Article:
After a person’s death in Florida, that person’s estate will need to be administered. To put that another way, the deceased person’s assets and debts will need to be assessed, debts and taxes will need to be paid, and heirs or beneficiaries will need to receive assets the deceased has left them. The administration of an estate may involve multiple processes, depending upon the nature of the estate and the assets. If a person dies with a will, then the assets may go through probate. When a person dies and has a living trust, then a successor trustee will be responsible for distributing assets in the trust to the beneficiary or beneficiaries in addition to other responsibilities. The process of handling the trust is known as trust administration.
The trustee has a fiduciary duty to the beneficiaries, which requires proper administration of the trust and duties of loyalty, prudence, and good faith. Failure to carry out the duties of a trustee can result in liability for the trustee. If you have questions about trust administration or need assistance with the administration of a trust in Florida, one of our attorneys can assist you.
Types of Trusts
There are many different types of trusts that a person can establish under Florida law. Trust administration typically involves revocable and irrevocable living trusts, but there are other types of trusts that can be created in order to protect assets and to provide for family members. In order to understand how trust administration works after a death, it is important to learn more about living trusts and how they are distinct from other types of trusts in Florida. The following are commonly created Florida trusts:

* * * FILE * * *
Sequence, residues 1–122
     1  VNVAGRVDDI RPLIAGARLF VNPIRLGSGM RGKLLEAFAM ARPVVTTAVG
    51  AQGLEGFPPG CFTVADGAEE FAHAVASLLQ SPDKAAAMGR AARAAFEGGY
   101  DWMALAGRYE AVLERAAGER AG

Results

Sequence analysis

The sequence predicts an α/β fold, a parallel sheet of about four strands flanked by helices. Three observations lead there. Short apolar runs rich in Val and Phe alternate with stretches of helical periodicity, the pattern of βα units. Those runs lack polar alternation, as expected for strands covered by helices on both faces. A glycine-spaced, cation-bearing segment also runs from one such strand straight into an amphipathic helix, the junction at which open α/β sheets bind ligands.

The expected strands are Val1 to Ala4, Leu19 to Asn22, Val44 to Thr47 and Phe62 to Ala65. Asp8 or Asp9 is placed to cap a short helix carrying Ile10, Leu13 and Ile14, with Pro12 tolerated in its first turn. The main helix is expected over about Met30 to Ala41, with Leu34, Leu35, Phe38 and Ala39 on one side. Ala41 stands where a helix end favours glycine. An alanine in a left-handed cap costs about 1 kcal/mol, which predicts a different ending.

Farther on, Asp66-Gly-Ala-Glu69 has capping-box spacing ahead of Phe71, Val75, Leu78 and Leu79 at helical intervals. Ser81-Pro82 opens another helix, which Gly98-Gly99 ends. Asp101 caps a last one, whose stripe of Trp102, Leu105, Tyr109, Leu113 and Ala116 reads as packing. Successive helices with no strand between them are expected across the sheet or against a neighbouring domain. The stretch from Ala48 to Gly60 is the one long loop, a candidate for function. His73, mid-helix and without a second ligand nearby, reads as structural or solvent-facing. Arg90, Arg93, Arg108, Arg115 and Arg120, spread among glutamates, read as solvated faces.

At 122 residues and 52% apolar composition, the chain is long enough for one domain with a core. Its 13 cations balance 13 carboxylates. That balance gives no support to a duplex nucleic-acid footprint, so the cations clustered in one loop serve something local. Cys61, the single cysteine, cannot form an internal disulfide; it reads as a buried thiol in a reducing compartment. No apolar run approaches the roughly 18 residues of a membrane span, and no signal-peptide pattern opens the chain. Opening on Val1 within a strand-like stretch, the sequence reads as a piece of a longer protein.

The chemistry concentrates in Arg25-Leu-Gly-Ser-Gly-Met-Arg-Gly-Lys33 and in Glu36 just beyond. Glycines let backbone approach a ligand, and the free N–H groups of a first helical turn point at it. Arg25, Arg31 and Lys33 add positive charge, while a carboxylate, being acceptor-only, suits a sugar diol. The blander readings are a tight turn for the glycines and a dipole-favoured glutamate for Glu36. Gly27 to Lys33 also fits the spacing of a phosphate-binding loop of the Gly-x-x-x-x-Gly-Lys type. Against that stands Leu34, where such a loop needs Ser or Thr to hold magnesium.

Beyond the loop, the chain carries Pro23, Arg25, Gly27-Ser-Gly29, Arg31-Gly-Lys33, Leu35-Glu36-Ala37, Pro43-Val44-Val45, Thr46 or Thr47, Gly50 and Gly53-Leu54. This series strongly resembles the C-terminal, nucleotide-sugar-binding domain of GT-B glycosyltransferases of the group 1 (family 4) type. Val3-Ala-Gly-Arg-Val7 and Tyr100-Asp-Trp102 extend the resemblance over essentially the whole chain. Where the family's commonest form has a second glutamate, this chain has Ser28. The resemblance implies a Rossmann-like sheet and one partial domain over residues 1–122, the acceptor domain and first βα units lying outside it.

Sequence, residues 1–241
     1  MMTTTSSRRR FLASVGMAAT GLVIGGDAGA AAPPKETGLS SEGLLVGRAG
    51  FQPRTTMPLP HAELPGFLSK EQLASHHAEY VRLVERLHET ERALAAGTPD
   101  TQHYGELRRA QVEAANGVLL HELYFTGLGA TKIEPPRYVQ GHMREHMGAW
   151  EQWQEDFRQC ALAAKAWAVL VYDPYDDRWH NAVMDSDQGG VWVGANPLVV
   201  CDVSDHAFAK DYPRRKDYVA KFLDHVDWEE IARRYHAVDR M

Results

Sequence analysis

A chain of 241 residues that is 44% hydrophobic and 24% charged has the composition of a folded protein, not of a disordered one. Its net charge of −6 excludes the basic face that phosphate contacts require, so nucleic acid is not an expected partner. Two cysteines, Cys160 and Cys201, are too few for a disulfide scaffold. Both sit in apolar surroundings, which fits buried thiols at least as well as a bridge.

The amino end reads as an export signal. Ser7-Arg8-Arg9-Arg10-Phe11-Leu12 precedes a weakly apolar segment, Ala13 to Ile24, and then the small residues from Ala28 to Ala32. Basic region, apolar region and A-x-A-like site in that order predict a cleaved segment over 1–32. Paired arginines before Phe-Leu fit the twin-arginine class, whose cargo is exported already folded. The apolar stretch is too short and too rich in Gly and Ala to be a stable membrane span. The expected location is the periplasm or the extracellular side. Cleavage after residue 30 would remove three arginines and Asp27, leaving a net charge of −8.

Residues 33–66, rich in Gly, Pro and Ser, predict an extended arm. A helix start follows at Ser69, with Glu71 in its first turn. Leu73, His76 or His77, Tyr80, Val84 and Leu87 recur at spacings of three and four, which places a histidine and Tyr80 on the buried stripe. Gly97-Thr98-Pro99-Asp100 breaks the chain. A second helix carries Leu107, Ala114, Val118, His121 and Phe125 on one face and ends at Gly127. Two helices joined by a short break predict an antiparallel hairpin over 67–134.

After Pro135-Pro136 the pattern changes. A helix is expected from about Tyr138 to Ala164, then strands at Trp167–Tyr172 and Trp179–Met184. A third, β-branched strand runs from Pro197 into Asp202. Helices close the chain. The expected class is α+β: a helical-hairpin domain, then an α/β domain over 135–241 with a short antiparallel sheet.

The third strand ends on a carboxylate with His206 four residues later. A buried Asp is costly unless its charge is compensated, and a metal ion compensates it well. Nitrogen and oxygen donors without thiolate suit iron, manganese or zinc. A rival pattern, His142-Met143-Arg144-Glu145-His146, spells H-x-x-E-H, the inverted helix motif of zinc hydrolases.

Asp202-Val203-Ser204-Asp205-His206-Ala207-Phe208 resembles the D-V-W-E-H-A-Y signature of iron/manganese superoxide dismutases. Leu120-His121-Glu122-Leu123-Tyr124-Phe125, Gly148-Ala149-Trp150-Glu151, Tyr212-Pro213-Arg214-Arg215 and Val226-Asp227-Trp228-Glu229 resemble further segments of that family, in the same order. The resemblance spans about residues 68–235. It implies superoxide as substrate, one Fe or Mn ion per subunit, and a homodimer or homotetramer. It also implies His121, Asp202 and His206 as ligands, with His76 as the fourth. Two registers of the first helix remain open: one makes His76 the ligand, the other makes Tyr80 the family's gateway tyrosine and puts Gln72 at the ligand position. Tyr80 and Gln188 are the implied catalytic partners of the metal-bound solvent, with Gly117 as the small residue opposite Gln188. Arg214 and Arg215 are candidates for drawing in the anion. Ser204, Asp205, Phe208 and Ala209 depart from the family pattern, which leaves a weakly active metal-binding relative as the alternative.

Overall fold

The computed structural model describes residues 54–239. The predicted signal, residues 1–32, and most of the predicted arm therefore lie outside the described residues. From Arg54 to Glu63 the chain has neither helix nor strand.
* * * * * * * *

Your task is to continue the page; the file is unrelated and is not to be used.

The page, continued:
- Revocable living trust: This is a type of trust in which a grantor (the person making the trust) establishes the trust during his or her lifetime with the ability to amend or revoke the trust at any point while she or he is still alive. Revocable living trusts allow a person to leave assets to beneficiaries while avoiding probate.
- Irrevocable living trust: This type of trust also allows for assets to be transferred while avoiding probate, but its terms cannot be changed once the grantor establishes the trust. Once the trust is created, the grantor’s assets in the trust become the property of the trust.
- Testamentary trust: This is a type of trust that is irrevocable and is part of a will in Florida, and it takes effect upon the grantor’s death. Sometimes these types of trusts are known as “will trusts,” and they allow a grantor to determine when assets are passed to a beneficiary.
- Medicaid trust: This kind of trust is designed to protect an older adult’s assets when that adult requires long-term care in a nursing home, for example.
Contact Our Trust Administration Attorneys
When you have been named a trustee in Florida, you will need to understand your responsibilities under Florida law and will need to carry out those duties precisely. Beyond the mere responsibilities of administering the trust, you will also have fiduciary duties as a trustee. Those fiduciary duties generally include a duty of loyalty, a duty to act in good faith, and a duty to enter into transactions with prudence. If you need assistance administering a trust, or if you have general questions about establishing or administering a trust in Florida, one of our trust administration lawyers can speak with you today. Contact Gilbert Garcia Group, P.A. to learn more about our services.